Monday, March 07, 2005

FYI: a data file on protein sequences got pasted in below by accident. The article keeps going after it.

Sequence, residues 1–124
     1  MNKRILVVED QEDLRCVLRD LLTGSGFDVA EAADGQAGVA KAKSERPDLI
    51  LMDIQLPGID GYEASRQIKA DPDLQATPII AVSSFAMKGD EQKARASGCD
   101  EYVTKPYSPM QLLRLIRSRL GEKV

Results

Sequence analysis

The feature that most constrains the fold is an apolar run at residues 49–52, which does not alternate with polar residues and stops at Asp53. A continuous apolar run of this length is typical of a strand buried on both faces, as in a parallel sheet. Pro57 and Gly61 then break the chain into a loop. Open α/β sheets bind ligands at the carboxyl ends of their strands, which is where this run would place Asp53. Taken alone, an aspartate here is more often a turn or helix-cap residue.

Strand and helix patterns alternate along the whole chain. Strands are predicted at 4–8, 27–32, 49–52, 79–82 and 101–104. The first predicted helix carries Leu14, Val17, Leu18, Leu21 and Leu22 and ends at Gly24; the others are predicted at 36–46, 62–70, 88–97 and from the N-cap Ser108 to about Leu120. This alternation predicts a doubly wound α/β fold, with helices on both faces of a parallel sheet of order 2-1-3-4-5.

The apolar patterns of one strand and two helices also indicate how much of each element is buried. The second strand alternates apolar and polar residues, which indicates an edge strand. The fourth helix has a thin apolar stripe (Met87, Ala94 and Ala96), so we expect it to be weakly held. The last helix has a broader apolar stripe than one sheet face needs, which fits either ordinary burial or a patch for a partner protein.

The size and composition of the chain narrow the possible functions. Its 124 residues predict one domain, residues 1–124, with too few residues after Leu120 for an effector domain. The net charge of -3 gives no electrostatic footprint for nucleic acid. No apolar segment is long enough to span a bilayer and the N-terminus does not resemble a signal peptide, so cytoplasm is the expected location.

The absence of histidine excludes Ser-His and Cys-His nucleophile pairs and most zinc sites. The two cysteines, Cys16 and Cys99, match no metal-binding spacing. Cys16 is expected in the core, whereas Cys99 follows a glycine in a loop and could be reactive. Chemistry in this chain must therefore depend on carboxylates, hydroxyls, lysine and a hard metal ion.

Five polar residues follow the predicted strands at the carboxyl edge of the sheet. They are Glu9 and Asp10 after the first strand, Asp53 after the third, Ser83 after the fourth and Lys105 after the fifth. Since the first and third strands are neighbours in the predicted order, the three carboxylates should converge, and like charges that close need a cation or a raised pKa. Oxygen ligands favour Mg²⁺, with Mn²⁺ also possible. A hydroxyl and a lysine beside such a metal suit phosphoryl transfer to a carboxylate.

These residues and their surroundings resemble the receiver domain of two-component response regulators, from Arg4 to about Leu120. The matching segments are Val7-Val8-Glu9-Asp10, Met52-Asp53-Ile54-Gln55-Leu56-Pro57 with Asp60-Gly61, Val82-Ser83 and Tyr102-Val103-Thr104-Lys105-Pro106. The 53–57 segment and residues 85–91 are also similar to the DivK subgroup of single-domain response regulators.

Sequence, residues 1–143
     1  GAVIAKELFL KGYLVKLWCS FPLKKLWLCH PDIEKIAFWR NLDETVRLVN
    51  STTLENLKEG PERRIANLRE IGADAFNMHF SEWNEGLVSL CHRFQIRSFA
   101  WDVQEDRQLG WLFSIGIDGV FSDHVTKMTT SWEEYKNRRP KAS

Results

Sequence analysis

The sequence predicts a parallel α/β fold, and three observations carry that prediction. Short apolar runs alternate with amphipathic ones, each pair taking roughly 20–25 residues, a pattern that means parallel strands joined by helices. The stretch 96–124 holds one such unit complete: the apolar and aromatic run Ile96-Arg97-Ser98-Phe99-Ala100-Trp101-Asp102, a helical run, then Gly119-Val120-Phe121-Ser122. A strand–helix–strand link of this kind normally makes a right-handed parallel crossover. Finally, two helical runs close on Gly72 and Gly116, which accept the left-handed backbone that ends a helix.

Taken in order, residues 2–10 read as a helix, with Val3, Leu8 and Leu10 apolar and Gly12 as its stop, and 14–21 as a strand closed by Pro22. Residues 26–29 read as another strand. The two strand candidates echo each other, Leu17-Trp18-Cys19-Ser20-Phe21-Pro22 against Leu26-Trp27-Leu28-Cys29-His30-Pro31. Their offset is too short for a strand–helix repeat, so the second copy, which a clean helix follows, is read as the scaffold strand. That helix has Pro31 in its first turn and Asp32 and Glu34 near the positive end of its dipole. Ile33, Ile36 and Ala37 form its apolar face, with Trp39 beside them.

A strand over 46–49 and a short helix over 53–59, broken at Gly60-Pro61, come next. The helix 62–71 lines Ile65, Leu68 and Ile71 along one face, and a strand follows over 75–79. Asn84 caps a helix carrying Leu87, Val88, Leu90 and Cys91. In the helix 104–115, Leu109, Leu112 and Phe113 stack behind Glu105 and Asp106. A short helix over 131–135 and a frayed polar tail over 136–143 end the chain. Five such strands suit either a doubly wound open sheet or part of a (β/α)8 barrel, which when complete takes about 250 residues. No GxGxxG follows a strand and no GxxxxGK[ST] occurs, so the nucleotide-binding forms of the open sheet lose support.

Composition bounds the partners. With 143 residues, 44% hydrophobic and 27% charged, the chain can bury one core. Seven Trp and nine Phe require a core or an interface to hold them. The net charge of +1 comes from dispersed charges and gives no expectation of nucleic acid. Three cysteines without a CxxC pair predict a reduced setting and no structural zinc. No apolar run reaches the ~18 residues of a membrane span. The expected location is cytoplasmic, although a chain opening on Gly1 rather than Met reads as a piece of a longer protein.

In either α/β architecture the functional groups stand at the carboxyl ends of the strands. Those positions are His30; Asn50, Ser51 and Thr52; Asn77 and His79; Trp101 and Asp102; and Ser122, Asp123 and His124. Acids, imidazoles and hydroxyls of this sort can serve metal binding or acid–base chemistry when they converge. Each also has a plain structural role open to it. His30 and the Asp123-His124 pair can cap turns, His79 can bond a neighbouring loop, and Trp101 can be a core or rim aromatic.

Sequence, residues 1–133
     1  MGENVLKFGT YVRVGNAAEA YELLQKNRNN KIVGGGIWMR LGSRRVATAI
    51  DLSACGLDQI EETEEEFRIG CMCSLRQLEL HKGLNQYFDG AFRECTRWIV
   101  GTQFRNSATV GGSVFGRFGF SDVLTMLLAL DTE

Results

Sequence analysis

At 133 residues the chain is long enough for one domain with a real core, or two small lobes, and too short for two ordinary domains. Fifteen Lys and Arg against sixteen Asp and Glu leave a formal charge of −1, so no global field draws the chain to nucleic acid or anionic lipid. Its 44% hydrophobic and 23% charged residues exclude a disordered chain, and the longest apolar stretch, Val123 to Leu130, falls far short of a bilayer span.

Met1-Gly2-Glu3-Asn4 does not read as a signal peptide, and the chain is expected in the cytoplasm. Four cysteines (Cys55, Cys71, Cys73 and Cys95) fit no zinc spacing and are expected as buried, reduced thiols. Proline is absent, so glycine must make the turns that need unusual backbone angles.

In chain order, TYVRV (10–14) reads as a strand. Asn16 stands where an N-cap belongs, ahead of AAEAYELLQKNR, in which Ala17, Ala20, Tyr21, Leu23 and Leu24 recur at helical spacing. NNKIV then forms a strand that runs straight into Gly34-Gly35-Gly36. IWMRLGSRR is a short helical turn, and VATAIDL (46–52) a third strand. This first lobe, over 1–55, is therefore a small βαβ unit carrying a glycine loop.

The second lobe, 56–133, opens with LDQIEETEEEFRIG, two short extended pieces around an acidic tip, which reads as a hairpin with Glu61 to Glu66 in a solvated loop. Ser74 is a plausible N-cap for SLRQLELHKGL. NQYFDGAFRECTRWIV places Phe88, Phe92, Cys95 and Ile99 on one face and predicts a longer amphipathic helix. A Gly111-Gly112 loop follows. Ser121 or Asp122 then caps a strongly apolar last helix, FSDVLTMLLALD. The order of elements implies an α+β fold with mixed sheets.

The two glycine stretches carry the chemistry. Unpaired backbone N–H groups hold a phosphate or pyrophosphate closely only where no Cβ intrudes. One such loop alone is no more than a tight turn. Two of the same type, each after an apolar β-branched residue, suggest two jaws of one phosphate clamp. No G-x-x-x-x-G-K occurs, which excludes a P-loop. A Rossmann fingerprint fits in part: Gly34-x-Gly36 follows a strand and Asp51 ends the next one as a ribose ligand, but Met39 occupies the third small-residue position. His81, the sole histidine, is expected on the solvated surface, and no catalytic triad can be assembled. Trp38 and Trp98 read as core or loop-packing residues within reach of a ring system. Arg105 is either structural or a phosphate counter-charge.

If you read the liner notes on Queen's album "Night at the Opera", there's a proud statement at the end: "No Synths!". Today that statement sounds a bit like Canute trying to hold back the sea. Queen's album was made back in the late 70s when electronics were only just beginning to sweep across the music business, and there were a few sturdy artists pioneering the use of synthesizers. Probably the greatest of these was Kraftwerk, four Germans with a complete concept for the coming electronic age: down with the histrionics and mass-adulation gymnastics of the guitar heroes, away with the screwed-up faces and emotions of the misunderstood lead singer, and who needs a circus animal for a drummer anyway? Kraftwerk were precise, controlled, they knew what they wanted to say and they knew how they wanted to look while they were saying it. Throughout the mid-1970s they created a host of absolutely seminal sounds that showed the way for the New Romantics and after. "Neon Lights" comes from what is probably their finest, and most remote album, "The Man Machine": it's a gentle, hypnotic, dangerously emotive song, coming as a total surprise when set against the ice-cold lust of "The Model". And that's where they genius of Kraftwerk may well lie: the medium is not the message, it's just the medium.